As the daughter of a politician and a showgirl, Emilyn Brodskywas born to perform. Based in Manhattan where she lives in a house reminiscent of ‘The Royal Tennenbaums’ with a collection of other artists, Brodsky surrounds herself with a cast of characters from which she draws sonic and emotional inspiration. On September 23rd, she released Emilyn Brodsky Eats Her Feelings (Dead Stare), her sophomore long player. The album features Brodsky’s humorous and confessional lyrics, deft ukulele playing and incomparable storytelling.
The tracks that comprise Brodsky’s album deeply capture her ethos: songs that are both intimate and universal, aggressive and vulnerable. They embody elements of the anti-folk movement alongside a vocal style reminiscent of indie rock songstresses, Jenny Lewis and Nicole Atkins. In addition to Brodsky’shusky alto and witty lyrics the album’s sonic palate is vibrant and compelling, reverberating with ukulele, cello, guitar, piano, bass, accordion and drums.
“This record is a very personal and specific account of some pretty global feelings and ideas," says Brodsky “I want people to feel like they're sitting in my bedroom listening to me tell them about my feelings, so they can feel like I'm sitting in their bedroom listening to theirs.” Throughout the album, the songs are interspersed with voicemails left by friends and family and saved, unbeknownst to them for future use. “I've always been a hoarder of voicemails, a hoarder of human beings too,” Brodsky says. “I love people and I think I do my best work in that medium so it seemed obvious to share some snippets of those interactions. I've always liked to shove little pieces of my life between my songs when I play live -- the voicemails seemed like a perfect way of doing that on the album.”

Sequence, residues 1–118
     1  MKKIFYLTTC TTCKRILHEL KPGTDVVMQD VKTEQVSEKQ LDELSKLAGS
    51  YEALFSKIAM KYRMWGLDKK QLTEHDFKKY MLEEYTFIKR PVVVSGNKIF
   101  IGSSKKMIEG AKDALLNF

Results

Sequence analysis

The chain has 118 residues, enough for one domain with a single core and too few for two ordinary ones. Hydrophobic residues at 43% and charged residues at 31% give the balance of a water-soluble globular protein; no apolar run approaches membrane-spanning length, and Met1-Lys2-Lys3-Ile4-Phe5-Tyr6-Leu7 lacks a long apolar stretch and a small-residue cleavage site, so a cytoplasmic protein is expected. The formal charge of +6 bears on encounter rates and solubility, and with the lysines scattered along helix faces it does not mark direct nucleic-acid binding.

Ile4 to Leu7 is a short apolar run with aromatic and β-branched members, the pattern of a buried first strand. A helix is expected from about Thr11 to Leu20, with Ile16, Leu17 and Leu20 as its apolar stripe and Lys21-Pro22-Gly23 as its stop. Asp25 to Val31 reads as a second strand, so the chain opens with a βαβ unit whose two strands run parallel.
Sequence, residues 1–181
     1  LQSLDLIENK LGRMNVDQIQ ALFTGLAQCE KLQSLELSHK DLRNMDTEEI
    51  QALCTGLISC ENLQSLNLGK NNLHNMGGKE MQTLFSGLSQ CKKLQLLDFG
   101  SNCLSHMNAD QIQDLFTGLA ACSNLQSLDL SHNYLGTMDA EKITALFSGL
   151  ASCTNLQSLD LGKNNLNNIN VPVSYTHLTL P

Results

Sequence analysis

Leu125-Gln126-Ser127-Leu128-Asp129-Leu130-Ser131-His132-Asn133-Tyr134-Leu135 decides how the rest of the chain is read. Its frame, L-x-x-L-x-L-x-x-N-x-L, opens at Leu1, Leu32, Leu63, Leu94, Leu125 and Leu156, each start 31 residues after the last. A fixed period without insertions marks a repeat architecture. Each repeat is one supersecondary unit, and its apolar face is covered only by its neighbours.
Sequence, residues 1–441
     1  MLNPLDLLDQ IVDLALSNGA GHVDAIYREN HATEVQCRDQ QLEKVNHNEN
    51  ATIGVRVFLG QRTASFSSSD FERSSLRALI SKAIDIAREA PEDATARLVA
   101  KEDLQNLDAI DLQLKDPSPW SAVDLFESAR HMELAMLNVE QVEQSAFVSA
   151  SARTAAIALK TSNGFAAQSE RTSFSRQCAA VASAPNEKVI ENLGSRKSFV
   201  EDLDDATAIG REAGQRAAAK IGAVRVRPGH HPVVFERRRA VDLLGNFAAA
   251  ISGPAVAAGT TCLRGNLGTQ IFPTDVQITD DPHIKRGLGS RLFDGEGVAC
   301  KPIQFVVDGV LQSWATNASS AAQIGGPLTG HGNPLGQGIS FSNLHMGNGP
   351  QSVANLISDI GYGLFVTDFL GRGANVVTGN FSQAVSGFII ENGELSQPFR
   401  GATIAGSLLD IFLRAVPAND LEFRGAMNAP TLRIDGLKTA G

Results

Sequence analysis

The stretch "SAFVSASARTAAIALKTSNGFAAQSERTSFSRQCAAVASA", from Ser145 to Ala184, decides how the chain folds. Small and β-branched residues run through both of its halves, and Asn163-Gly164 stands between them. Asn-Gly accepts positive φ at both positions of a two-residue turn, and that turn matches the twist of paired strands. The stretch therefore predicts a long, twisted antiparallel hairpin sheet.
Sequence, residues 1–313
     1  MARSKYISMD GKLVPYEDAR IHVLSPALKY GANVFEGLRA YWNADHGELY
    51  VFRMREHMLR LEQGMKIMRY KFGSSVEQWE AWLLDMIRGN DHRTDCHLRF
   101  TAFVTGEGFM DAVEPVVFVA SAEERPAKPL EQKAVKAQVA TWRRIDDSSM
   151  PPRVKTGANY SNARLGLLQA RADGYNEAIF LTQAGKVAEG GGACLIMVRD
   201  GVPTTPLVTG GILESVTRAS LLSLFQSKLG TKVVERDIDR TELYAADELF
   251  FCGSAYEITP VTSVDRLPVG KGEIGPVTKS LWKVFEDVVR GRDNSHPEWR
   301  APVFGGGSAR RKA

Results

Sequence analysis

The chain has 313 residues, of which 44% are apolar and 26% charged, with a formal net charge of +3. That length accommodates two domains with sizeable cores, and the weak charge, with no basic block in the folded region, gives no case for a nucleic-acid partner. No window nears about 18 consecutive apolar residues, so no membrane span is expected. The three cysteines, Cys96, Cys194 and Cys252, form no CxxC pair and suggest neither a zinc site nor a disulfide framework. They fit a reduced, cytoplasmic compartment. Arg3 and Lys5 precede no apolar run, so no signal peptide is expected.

Emilyn was featured in the third season of the hit HBO show, Girls, playing the first single from Emilyn Brodsky Eats Her Feelings, “Someone Belongs Here.” For this record, Emilyn found inspiration by looking within. “I think this record is me trying to document the process of learning restraint, balance, discipline - all words I would have run from years ago - in my relationship with feelings (and with people too). Learning to love my feelings but not to overindulge in them. There have been lots of pitfalls, crashes, and failures along the way as I learned and you can hear those on this record. You can hear the hope and the strength and power that comes from not letting those things take you down, too. "